David Rhodes

I have been volunteering as an Appropriate Adult for a couple of years now. It has given me an insight into the way criminal justice works, at least at the point of someone being interviewed by the police. I have been to support many vulnerable people, some of whom are at very low points in their life.

There is a rota which is created each month, in which I predict when I will be available for call-out. Everyone acknowledges that plans change, and sometimes I just can’t do a call-out; it’s important not to feel guilty about that!

When I’m called by the coordinator, I’m given the person’s name and date of birth, their alleged offence, and why they need an appropriate adult. I also get an expected time for the interview to take place. We always recommend that the person sees a solicitor before the interview. Sometimes I can go straight to interview (after introducing myself), sometimes there is a bit of hanging about. You need to be prepared for waiting sometimes; it’s part of the job.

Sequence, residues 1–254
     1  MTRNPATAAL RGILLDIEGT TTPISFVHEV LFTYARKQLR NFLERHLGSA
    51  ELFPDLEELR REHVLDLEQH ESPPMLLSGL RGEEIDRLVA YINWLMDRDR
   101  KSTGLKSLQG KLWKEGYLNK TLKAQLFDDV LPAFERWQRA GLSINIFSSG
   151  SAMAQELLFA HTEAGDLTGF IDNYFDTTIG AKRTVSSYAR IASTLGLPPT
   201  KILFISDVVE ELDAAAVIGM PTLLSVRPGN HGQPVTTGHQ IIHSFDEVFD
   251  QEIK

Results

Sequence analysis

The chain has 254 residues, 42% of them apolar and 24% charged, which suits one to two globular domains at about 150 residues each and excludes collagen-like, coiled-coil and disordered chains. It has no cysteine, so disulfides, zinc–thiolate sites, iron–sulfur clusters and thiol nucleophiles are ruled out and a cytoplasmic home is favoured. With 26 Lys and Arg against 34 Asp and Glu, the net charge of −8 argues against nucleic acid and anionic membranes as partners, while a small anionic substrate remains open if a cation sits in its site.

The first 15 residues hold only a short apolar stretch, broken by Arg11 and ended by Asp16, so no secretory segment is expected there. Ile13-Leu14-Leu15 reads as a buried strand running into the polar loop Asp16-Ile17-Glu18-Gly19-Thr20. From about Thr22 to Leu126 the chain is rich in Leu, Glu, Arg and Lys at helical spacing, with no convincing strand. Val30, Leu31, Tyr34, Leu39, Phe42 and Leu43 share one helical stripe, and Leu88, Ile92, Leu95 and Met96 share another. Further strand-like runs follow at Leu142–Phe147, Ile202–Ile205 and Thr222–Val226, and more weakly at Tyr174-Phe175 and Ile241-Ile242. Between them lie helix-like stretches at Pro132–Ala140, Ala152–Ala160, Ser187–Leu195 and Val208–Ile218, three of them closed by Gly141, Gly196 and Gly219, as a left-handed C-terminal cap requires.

The interviews are varied, from short to long, from easy to fraught. There’s also a variety of people and a variety of alleged offences – you never know.

Why do I do it?   I think it’s so important that all people are treated fairly and with respect by the police. I have intervened in an interview, though that is quite rare. Sometimes just having someone friendly can be a great help to someone in a bad situation.   I think that just being there can help to ensure that a person is treated properly.

Find out more our Appropriate Adult Advocacy.